The problem looks like this and the code below is what I came up with so far but it tests "NONE":

In this part of the file it is very important that you write code inside
the functions only. If you write code in between the functions, then the
grading system will not be able to read your code or grade your work!

def ddg(poultry):
# Write your code here and edit the return statement below as needed.
poultry = ['duck', 'goose', 'egg']
def sum(poultry):
points = 0
for duck in poultry:
points == 1
return points


#13

Hi @kas214,

With a function header and an assignment statement that initializes the points variable to 0, we have this ...

def ddg(poultry):
    points = 0

Now we need a for loop to iterate through the items in the poultry list. The loop header could be ...

    for item in poultry:

As described above, within the loop, we need an if-elif-else structure that identifies each item within poultry as either a "duck", "goose", or "egg", and adds the appropriate number of points to the points variable or resets it to 0, as appropriate. How would you write such a structure? Give it a try and post your code so that we can refine it, if necessary.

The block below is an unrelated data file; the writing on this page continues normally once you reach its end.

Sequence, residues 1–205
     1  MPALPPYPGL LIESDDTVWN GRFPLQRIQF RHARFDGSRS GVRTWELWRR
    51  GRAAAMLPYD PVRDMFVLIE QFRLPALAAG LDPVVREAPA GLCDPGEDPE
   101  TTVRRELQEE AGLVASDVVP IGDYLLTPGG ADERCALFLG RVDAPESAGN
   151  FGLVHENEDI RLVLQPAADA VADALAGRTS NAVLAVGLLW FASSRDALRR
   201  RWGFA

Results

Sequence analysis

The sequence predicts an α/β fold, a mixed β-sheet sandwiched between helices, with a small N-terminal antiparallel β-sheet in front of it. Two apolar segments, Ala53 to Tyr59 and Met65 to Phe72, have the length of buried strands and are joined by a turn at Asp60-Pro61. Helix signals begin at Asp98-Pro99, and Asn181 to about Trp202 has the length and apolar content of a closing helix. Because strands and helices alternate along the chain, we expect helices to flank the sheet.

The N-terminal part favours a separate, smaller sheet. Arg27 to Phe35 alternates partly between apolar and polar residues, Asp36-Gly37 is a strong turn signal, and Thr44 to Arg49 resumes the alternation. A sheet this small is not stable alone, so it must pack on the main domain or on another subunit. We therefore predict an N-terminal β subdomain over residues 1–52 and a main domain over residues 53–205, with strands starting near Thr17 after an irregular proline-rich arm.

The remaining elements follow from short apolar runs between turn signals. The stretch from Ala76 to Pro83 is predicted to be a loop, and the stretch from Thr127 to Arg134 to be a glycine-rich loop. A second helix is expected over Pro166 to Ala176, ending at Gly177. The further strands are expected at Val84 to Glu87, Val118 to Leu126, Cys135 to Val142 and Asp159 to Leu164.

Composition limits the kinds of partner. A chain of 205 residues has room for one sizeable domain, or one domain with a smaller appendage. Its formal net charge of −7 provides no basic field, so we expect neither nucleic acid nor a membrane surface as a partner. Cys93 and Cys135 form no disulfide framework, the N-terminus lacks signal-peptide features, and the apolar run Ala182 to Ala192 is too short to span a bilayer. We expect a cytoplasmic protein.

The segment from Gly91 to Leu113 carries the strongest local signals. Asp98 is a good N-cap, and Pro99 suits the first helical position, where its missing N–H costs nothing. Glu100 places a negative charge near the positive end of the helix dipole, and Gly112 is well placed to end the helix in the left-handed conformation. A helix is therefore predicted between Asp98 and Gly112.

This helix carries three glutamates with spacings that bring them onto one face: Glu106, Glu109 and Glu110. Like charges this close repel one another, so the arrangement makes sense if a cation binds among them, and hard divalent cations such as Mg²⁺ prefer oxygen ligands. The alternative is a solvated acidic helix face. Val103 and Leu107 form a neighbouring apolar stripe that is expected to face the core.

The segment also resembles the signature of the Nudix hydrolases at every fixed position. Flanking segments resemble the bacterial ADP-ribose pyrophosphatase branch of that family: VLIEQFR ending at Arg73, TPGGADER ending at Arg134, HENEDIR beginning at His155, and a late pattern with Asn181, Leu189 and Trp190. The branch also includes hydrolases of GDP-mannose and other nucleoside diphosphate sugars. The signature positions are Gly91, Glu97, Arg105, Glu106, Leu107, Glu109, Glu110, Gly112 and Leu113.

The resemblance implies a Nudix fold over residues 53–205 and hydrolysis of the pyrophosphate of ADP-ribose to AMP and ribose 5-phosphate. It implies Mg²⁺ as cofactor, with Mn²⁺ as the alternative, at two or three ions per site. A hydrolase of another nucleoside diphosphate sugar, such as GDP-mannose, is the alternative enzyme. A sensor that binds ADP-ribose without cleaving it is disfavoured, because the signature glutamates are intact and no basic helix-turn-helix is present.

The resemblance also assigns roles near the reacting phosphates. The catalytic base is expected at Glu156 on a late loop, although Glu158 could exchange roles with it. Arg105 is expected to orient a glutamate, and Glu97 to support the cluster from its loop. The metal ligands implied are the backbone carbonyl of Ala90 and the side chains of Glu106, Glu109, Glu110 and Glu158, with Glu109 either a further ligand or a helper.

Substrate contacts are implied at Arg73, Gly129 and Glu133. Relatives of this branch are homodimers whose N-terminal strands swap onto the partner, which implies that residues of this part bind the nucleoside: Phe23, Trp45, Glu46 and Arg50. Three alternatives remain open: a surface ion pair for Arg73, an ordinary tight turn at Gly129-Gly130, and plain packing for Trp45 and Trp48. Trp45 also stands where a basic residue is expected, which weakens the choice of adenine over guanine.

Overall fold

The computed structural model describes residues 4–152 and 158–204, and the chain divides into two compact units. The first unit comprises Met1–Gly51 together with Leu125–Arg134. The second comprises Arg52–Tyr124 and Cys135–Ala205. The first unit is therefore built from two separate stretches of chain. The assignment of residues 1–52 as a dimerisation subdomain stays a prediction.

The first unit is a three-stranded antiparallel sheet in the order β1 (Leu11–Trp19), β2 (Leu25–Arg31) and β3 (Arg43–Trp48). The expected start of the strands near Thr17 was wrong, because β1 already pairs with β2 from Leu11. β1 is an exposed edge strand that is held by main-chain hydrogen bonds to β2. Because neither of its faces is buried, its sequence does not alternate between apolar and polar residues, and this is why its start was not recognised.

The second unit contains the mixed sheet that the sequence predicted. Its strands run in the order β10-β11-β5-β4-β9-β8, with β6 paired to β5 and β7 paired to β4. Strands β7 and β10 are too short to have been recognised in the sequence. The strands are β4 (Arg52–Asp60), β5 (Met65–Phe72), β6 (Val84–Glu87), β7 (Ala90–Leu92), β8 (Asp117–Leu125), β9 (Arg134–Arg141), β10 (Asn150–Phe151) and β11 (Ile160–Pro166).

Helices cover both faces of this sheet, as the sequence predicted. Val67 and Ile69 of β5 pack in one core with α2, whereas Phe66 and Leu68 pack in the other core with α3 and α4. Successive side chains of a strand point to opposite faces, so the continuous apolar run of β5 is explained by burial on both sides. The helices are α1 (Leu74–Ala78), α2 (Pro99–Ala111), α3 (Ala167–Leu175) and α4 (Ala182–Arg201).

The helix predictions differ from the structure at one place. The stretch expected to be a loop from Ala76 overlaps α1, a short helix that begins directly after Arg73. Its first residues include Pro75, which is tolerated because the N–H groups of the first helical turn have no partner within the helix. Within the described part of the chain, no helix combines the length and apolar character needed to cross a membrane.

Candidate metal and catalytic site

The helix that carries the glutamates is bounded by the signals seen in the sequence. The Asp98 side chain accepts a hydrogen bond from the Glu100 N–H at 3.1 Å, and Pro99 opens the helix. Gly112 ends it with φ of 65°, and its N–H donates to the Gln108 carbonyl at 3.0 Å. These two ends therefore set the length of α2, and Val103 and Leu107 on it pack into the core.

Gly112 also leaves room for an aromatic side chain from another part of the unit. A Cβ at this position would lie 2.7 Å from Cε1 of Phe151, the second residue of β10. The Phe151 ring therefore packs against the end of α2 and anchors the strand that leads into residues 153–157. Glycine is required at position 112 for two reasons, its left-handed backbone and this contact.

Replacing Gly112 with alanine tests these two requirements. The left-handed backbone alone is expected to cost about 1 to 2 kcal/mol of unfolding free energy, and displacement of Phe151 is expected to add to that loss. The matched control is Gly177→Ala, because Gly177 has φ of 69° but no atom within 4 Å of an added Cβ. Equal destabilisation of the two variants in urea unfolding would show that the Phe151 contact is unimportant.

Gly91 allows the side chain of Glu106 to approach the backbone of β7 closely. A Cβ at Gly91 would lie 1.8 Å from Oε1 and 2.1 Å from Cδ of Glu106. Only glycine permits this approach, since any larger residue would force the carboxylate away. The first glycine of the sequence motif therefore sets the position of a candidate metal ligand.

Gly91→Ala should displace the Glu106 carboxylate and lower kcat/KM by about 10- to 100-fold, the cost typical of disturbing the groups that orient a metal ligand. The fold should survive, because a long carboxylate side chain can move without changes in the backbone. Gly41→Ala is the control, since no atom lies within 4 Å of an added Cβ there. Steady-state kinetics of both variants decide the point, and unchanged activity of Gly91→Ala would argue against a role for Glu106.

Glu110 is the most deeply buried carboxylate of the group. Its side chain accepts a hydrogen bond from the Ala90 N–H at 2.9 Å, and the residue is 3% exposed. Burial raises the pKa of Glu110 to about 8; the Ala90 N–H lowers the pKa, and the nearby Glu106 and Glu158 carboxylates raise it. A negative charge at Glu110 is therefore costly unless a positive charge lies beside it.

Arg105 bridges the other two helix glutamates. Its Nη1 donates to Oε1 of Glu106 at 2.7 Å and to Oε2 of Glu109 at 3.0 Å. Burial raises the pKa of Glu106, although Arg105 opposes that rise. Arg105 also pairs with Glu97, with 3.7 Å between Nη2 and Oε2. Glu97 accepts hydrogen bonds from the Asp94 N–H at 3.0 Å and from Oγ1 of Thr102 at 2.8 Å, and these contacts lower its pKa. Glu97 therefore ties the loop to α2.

EDITED (February 16, 2017) to add the following ...

The following Codecademy Python courses may be helpful to review for this project ...


#14

Hi, @devsolver53757 and @kas214.

Prior to writing your code, plan the process for solving the problem, then write the code to implement that plan.

This project involves three main steps, with the second step being the most complex. In this project, we are keeping a tally of points. All of the steps involve managing that tally ...

  • Step 1: Start the tally of points at 0.
  • Step 2: Iterate through the list of items, updating the tally of points based on the value of each item.
  • Step 3: Make the final tally of points available to the caller of the function.

Following is a skeleton of a ddg function for implementing these steps. Within the function, three of the lines are ...

    pass

We have a variable named points that will hold the tally of points. The pass command is a stand-in that does nothing. As it is now, the function can execute, but points stands at 0. Your task is to replace each of the pass commands with a statement that updates points appropriately.

Good luck! Let us know how this works out for you.

def ddg(poultry):
    # Start the tally of points at 0.
    points = 0
    # Iterate through the list of items,
    # updating points based on the value of each item.
    for item in poultry:
        if item == "duck":
            # Replace the next line.
            pass
        elif item == "goose":
            # Replace the next line.
            pass
        elif item == "egg":
            # Replace the next line.
            pass
    # Make the final tally of points available to the caller of the function.
    return points

print(ddg(["duck", "duck", "goose"]))
print(ddg(["duck", "duck", "egg", "egg"]))
print(ddg(["duck", "egg", "goose", "egg"]))
print(ddg(["duck", "duck", "egg", "goose"]))
print(ddg(["goose", "goose", "goose", "goose"]))

#15